Monday, October 10, 2011

USA Had Slums in 1949 ... Lessons for Africa

A new study by Vanderbilt economist William J. Collins and Ph.D. candidate Katharine L. Shester looks at the long-term economic impact of the ambitious (and highly controversial) Housing Act of 1949, which used federal subsidies and the powers of eminent domain to “revitalize” American cities, i.e., to clear out the slums. By the time the program ended in 1974, 2,100 distinct urban renewal projects had been completed using grants that totaled about $53 billion (in 2009 dollars). In one of the rare papers to collect and analyze data related to the program, Collins and Shester come up with a positive picture of its effects – at least in some ways. The authors are clear that the ugliness involved with pushing people out of low-income housing was the reason the program was shut down, and that their results do not “imply that the dislocation costs for displaced residents and businesses were unimportant.”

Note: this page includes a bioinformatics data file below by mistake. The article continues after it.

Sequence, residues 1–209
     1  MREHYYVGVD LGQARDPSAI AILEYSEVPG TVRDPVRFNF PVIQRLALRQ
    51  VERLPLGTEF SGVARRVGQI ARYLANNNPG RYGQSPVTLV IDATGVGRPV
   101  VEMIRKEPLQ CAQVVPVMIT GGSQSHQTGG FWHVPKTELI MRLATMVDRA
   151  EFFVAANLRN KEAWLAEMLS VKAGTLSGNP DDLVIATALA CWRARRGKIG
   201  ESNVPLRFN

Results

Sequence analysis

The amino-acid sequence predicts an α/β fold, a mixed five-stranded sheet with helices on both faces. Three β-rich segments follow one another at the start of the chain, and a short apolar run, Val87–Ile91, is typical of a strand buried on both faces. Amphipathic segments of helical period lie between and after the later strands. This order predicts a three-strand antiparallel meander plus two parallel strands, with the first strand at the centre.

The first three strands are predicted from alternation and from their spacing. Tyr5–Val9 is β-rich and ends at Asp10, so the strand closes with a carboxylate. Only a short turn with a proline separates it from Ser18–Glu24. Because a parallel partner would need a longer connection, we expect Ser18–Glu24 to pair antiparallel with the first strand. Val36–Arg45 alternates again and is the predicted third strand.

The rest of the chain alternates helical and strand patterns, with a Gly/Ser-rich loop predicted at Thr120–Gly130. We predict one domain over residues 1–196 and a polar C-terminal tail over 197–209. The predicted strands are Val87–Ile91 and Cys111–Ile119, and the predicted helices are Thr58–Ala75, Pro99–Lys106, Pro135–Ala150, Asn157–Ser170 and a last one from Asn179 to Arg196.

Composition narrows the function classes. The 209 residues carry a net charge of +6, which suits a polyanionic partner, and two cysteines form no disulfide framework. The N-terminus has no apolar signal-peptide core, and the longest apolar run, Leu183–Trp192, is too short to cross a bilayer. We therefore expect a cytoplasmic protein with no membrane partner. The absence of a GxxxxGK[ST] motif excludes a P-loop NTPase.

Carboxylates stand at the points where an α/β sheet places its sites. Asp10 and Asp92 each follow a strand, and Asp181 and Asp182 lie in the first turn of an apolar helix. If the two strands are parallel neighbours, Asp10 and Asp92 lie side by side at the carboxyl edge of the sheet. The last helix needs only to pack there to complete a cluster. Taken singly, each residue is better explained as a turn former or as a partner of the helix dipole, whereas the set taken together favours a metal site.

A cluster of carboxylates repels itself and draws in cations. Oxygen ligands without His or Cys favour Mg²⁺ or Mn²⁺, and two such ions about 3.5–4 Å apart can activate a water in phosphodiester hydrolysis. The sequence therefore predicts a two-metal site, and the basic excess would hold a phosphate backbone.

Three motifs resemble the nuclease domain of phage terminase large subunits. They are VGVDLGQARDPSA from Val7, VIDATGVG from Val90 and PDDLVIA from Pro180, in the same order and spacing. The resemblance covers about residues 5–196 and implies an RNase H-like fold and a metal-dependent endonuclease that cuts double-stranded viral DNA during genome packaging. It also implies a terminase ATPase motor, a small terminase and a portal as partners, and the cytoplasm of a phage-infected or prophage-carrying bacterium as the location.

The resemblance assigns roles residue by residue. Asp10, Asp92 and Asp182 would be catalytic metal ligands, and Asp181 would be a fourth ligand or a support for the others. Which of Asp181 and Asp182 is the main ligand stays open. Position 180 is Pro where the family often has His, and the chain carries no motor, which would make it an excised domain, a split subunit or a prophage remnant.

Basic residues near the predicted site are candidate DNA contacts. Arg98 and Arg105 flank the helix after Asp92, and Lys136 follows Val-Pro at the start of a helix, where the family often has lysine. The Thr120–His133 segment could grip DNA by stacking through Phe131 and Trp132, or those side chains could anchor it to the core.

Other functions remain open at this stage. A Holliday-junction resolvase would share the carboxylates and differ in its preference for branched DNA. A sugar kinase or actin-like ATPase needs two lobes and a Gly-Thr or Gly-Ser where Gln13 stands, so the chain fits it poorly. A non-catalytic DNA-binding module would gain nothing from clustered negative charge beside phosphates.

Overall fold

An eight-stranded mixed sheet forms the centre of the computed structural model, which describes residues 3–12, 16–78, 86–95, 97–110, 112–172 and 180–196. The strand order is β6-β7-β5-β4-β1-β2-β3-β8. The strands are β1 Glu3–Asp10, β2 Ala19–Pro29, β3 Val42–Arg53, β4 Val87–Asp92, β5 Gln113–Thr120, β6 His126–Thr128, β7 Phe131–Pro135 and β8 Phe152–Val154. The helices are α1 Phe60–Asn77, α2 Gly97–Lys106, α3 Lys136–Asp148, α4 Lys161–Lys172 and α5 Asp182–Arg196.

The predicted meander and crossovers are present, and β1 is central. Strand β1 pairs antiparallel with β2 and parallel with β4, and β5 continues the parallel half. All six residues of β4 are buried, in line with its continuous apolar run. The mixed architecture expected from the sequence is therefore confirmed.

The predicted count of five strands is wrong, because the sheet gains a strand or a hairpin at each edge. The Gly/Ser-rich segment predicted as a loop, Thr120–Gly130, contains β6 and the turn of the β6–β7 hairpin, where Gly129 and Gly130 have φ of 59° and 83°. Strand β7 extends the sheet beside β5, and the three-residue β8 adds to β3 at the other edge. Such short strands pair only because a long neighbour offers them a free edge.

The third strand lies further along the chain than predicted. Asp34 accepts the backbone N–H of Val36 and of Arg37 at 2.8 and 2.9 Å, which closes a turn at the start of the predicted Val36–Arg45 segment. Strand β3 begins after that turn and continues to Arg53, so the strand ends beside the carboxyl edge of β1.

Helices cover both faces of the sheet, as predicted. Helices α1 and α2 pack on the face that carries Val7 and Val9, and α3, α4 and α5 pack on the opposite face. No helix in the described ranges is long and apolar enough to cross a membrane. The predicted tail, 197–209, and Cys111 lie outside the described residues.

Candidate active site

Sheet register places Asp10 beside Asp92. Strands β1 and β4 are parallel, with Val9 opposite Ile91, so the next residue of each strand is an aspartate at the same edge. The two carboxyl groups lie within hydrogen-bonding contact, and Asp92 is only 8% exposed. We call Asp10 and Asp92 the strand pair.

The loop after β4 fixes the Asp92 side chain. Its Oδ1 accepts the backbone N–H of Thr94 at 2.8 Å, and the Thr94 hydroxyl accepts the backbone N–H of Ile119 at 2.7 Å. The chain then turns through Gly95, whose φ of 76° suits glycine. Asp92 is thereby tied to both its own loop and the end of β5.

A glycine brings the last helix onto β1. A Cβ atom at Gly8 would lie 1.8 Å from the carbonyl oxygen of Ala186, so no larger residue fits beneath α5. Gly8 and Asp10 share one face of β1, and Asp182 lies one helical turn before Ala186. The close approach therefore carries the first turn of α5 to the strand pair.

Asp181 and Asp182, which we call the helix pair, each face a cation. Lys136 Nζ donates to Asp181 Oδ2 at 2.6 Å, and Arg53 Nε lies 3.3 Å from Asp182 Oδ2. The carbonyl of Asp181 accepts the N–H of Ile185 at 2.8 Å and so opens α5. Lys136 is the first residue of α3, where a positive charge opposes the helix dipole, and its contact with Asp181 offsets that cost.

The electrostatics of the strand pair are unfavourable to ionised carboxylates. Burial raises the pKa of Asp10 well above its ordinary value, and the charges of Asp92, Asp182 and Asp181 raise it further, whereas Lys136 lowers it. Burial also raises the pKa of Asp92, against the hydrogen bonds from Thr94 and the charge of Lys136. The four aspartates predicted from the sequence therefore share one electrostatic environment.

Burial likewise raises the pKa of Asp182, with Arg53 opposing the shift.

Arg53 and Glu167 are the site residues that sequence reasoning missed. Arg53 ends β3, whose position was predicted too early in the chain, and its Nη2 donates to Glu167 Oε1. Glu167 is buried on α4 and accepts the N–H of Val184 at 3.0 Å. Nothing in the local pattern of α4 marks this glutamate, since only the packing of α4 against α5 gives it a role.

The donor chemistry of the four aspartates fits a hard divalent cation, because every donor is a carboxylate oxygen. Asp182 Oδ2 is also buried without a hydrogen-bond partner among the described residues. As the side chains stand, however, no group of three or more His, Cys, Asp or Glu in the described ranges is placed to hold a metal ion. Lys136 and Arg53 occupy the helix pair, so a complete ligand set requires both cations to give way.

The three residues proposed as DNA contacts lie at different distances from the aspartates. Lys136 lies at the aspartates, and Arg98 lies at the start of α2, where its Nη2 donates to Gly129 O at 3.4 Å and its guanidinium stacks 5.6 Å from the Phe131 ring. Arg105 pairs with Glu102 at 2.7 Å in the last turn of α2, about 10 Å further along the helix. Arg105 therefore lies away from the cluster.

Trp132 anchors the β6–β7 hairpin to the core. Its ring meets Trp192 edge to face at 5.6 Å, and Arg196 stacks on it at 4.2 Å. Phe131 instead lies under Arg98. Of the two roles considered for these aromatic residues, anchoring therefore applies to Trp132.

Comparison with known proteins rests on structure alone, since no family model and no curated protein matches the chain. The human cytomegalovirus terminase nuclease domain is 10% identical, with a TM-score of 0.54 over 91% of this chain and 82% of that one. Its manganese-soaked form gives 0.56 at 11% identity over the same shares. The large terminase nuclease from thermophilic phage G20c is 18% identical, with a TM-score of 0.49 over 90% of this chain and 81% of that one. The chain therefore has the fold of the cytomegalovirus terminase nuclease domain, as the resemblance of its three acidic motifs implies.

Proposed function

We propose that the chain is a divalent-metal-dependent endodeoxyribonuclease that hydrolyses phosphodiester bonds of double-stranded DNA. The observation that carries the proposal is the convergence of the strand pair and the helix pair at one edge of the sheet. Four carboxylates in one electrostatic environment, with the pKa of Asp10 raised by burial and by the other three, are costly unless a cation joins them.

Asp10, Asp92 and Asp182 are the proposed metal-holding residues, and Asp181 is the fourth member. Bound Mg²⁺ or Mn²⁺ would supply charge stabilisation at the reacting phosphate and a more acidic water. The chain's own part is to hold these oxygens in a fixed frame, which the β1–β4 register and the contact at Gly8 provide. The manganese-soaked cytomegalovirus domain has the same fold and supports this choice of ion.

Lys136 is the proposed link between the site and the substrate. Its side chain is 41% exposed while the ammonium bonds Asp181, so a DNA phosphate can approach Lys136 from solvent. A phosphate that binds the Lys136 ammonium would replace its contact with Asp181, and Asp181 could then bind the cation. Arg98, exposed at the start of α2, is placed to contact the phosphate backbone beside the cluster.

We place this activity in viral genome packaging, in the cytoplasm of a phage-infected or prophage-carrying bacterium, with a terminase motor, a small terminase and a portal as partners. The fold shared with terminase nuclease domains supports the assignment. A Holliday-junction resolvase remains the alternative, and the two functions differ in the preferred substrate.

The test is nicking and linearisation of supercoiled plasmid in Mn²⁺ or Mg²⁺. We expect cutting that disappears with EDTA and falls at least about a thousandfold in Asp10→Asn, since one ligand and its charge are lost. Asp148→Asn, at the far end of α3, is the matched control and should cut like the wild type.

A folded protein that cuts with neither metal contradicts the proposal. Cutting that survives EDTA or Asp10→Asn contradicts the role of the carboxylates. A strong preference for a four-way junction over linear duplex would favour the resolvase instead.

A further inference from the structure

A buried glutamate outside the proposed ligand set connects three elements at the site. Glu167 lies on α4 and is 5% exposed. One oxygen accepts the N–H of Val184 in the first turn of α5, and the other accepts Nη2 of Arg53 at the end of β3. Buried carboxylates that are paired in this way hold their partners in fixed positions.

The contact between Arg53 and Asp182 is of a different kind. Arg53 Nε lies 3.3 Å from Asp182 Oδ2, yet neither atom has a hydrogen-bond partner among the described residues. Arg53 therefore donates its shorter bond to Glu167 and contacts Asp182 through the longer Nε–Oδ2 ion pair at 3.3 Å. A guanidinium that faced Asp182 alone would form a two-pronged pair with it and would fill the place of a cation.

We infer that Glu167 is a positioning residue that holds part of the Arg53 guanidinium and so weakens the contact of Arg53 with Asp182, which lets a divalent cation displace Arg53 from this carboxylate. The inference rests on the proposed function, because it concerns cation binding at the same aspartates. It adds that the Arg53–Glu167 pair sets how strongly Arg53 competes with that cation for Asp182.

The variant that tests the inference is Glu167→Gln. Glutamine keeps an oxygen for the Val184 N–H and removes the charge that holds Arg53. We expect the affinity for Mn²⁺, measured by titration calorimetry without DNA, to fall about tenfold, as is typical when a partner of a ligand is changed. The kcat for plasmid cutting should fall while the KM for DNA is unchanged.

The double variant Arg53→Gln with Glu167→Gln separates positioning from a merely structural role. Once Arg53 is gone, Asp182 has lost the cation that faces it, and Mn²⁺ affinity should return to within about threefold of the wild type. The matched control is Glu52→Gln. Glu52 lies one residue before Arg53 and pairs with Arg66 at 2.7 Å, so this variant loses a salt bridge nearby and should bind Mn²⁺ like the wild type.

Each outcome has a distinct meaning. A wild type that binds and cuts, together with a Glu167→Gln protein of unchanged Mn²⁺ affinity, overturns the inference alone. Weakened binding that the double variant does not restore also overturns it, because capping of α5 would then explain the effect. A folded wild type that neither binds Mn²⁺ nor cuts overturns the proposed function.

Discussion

A tin shed structure surrounds a locked pit latrine in Kibera, Nairobi’s largest slum. Communal pit latrines are the most common sanitation facility available to the residents of the low income settlement. Often shared by hundreds of people the pay-per-visit system of toilets in Kibera is a lucrative business for structure owners Flickr Photo

Cities that did the most slum-clearing or “urban renewal” had a higher increase in property values, income and population compared to non-participating cities. The results also show that these cities maintained roughly the same demographics, and did not push low-income residents out of cities, but rather redistributed the population.

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